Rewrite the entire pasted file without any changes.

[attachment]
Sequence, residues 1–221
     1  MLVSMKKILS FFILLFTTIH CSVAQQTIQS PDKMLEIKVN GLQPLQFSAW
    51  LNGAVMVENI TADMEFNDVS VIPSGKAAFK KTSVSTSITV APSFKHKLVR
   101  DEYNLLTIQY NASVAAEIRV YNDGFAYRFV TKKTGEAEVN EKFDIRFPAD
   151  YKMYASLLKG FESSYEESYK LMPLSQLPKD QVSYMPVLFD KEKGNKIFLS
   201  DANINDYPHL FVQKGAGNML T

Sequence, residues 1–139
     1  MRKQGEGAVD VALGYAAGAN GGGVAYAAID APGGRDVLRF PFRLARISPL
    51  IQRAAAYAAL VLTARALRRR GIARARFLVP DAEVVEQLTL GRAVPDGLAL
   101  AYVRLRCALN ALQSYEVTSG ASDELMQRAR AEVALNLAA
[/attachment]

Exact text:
Sequence, residues 1–221
     1  MLVSMKKILS FFILLFTTIH CSVAQQTIQS PDKMLEIKVN GLQPLQFSAW
    51  LNGAVMVENI TADMEFNDVS VIPSGKAAFK KTSVSTSITV APSFKHKLVR
   101  DEYNLLTIQY NASVAAEIRV YNDGFAYRFV TKKTGEAEVN EKFDIRFPAD
   151  YKMYASLLKG FESSYEESYK LMPLSQLPKD QVSYMPVLFD KEKGNKIFLS
   201  DANINDYPHL FVQKGAGNML T

Sequence, residues 1–139
     1  MRKQGEGAVD VALGYAAGAN GGGVAYAAID APGGRDVLRF PFRLARISPL
    51  IQRAAAYAAL VLTARALRRR GIARARFLVP DAEVVEQLTL GRAVPDGLAL
   101  AYVRLRCALN ALQSYEVTSG ASDELMQRAR AEVALNLAA